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What Can You Do With a Bachelors in Political Science?

Political Science is generally offered at the bachelor's degree level. Continue reading for an overview of the major as well as career and salary info and some career options for graduates.

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Political science majors pursuing a bachelor's degree have the potential to find employment in a wide variety of governmental agencies and consulting firms. For those who want to work as a budget analyst, public relations expert or political scientist, exceptional skills in mathematics, statistics and communication are required.

Essential Information

Possessing a bachelor's degree in political science qualifies graduates to perform entry-level work for government agencies, research groups or consulting firms. This degree can qualify graduates for jobs in budget analysis, public relations, or political research. While in school, students may have opportunities to complete internships and volunteer research assistantships offered through government agencies and non-profit groups. Individuals with excellent mathematical and statistical skills may have the greatest opportunities to find meaningful employment.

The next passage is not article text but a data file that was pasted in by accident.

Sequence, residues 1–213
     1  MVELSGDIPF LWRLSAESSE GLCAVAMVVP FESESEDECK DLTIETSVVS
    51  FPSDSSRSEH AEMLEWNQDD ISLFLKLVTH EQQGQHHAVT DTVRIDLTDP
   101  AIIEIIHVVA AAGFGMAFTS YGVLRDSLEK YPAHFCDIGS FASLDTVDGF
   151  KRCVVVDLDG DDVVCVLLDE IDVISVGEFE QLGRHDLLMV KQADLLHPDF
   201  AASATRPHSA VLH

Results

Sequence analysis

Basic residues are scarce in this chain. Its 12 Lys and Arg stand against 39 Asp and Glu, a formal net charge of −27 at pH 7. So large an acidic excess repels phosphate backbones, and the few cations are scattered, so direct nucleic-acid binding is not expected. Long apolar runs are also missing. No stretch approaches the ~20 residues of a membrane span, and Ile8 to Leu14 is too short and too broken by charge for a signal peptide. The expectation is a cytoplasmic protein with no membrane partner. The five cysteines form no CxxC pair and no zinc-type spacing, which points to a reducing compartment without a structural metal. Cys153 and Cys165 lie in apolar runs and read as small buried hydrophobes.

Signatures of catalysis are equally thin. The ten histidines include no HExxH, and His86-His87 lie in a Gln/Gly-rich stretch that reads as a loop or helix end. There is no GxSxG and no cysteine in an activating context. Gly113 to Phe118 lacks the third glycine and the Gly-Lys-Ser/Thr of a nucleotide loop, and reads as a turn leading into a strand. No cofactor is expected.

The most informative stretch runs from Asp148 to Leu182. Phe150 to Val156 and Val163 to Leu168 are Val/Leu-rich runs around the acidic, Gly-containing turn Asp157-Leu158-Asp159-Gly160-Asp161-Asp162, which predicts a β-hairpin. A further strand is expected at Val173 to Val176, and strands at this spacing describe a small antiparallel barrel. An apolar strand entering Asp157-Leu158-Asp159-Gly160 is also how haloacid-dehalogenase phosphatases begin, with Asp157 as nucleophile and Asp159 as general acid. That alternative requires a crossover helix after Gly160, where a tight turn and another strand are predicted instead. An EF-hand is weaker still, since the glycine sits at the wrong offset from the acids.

Career Budget Analyst Public Relations and Fundraising Manager Political Scientist
Education Requirements Bachelor's Degree Bachelor's Degree Master's Degree
Projected Job Growth (2014-2024) 3%* 7%* -2%*
Median Salary (2015) 71,590* $95,450* $99,730*

Source: *U.S. Bureau of Labor Statistics

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Career Options

A bachelor's degree in political science can lead to employment as a research assistant, budget analyst or public relations/fundraising manager. Due to the versatility of this degree, candidates can also find themselves competing for jobs such as anthropologist, geographer, historian, market researcher and statistician and in industries such as banking, city planning and high school teaching. Although entry-level positions are available for those with bachelor's degrees, the majority of significant political science careers and research positions are available to those with graduate degrees only.

Budget Analyst

Budget analysts use excellent analytical and mathematical skills to advise businesses, local and federal government offices on how to organize their budgets. They also write and audit reports then use that data to make recommendations to organizational leaders. In the government sector, budget analysts sometimes assist with policy analysis and providing advice to law makers regarding budget regulation decisions.

To work as a budget analyst, a minimum of a bachelor's is required. Certification is not typically required but those working with the government could seek a Certified Government Financial Manager which is offered by the Association of Government Accountants. According to the U.S. Bureau of Labor Statistics (BLS) budget analysts made a median salary of $71,590 in 2015 and are expected to see a job growth of 3% between 2014 and 2024.

Public Relations and Fundraising Manager